If the same kind/same-colored pieces are interchanging while the repetition, still it can be considered as a threefold repetition. For example, if both the Knights are circulating within the repetition positions it is considered as a threefold repetition. The considerable fact of threefold repetition is the landing position. Though the repetition is done it does not consider a draw until it is claimed by the player who used threefold repetition.

Threefold repetition is the best trick to prevent a loss. If a player is perpetually getting checked when there is no path towards the victory, he would end up with a draw without defeating the game. It will provide better satisfaction for the player who is closer to the defeat. But a wise player will not allow occurring a threefold repetition!

Though these may have occurred threefold repletion far long ancient games, initially (after FIDE declared the method of draw under threefold repetition) a draw claimed by threefold repetition was recorded in the 17th and 18th games of 1972 world championship match that was held in Reykjavik. The game was between Bobby Fischer and Boris Spassky 

Method 4: A draw by the 50-Move Rule

The 50-Move rule is a bit confusing rule. But if you understood this rule it would help in claiming a draw in a game. The 50-Move rule can be considered if both the players keep moving pieces without any progress. Progress refers a capturing a piece or the movement of a pawn. If a player has completed 50 moves without performing any above-mentioned progress, the player can ask for a draw in his relevant turn. This is another method of claiming a draw.

This rule is declared in order to prevent the game from running for longer with neither any excitement nor progress. But this kind of draw cannot be called easily. You have to be super experienced and familiar with the checkmating techniques. You should be mindful to prevent from been checked until 50 consecutive moves. Then you are eligible to claim a draw by the 50-move rule. This rule was introduced by Ruy Lopez in his 1561 book.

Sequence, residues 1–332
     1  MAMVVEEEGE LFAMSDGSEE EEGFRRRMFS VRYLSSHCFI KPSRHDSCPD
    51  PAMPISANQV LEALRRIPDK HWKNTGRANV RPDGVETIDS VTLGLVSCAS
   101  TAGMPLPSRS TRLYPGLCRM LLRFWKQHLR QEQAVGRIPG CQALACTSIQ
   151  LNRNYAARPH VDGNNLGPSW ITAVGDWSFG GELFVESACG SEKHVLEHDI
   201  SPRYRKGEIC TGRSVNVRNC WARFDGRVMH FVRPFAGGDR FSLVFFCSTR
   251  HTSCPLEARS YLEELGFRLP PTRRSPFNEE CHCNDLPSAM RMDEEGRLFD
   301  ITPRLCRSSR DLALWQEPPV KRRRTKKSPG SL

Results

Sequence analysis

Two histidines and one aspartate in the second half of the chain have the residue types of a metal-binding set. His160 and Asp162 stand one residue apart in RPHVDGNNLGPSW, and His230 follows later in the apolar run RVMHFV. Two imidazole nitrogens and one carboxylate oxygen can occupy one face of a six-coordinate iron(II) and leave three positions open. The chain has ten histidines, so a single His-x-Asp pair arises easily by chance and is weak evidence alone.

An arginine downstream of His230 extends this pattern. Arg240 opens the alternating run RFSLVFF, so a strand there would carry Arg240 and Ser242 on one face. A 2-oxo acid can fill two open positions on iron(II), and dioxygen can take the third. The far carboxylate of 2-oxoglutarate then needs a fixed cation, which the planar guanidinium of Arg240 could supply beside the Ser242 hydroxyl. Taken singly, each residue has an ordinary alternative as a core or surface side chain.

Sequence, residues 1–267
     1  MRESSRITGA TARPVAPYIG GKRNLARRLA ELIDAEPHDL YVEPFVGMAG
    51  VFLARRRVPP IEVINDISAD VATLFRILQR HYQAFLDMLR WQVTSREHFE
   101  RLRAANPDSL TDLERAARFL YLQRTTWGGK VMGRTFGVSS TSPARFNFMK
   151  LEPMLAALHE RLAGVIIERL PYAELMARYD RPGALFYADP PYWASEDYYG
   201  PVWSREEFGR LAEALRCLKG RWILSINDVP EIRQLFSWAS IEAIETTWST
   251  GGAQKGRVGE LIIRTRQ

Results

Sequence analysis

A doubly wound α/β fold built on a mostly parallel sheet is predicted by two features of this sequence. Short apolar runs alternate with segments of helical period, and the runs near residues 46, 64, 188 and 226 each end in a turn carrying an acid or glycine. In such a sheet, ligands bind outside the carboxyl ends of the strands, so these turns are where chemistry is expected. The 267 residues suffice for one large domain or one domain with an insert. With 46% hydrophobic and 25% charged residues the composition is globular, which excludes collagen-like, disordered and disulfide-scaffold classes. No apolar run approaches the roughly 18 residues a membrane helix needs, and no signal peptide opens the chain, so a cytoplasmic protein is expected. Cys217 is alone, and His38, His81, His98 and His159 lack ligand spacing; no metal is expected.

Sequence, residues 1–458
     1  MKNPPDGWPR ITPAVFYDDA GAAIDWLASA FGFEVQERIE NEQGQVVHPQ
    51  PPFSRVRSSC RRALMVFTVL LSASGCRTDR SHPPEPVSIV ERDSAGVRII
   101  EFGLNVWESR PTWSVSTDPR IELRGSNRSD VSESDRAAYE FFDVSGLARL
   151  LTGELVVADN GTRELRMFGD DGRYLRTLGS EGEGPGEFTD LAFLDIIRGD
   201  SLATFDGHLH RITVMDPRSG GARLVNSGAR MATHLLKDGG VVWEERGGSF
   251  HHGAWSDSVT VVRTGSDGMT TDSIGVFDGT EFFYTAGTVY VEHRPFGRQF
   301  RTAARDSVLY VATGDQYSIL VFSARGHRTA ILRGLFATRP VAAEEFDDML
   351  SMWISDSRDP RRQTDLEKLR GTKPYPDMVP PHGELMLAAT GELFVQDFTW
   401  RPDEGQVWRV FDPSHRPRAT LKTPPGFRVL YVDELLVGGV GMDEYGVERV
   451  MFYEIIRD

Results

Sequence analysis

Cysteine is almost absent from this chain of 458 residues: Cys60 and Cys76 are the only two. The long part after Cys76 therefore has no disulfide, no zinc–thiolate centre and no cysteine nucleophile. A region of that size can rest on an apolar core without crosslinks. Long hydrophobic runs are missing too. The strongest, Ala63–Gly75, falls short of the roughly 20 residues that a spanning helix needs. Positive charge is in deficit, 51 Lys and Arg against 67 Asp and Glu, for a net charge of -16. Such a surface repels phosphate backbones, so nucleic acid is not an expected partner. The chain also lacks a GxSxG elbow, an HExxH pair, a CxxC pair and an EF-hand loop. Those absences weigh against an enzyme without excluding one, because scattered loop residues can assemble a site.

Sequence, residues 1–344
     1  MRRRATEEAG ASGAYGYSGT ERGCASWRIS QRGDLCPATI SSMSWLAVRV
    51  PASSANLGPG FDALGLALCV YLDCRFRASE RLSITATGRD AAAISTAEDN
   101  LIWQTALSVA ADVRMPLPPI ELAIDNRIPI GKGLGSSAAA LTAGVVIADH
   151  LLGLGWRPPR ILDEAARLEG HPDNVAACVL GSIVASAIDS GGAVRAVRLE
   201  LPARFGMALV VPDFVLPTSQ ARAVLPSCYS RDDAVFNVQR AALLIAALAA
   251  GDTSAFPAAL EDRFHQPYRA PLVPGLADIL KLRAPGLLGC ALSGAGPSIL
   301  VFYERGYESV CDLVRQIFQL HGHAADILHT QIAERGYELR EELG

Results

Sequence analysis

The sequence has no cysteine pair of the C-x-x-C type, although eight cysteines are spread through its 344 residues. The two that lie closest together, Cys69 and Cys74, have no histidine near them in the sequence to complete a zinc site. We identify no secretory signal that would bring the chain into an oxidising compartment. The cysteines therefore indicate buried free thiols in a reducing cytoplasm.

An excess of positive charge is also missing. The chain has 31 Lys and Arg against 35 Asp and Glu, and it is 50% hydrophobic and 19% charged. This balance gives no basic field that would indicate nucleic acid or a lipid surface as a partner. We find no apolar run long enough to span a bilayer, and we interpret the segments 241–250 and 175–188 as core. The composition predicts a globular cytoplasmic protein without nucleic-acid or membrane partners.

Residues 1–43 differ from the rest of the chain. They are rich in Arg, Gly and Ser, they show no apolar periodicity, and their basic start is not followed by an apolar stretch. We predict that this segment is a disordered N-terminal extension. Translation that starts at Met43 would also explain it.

It is important to remember though the 50-non progressive moves have been completed, a draw does not occur automatically. It should be mentioned and requested. History bears witness to such an event. A draw by 50-move rule was been able to claim within the black’s 112th move in 1991. The game was between Anatoly Karpov and Garry Kasparov, but both the players did not claim a draw. But after several moves, they mutually agreed to end the game by a draw. 

Method 5: Dead position (Insufficient Mating Materials)

The dead position is a scenario where the player has no legal move to check the opponent’s king. Then the game can be ended with a draw. Most of the time dead positions occur when the materials/pieces are insufficient to check the opponent’s king.

These are some common pairs of pieces that lead to a draw by insufficient materials. 

  • Of the two players, only kings remain. 
  • One player has a king and bishop while the other player has only the king. 
  • One player has a king and knight while the other player has only the king.
  • Both the players have their own kings and bishops. 

In most common incidents, a player would be unable to checkmate the opponent’s king with the above pairs. So, this kind of game can be ended by a draw. Anyhow, a draw is a lucky chance for a player who suffers in a bad position. On the other hand, a skilled player can avoid offering a draw and win the game!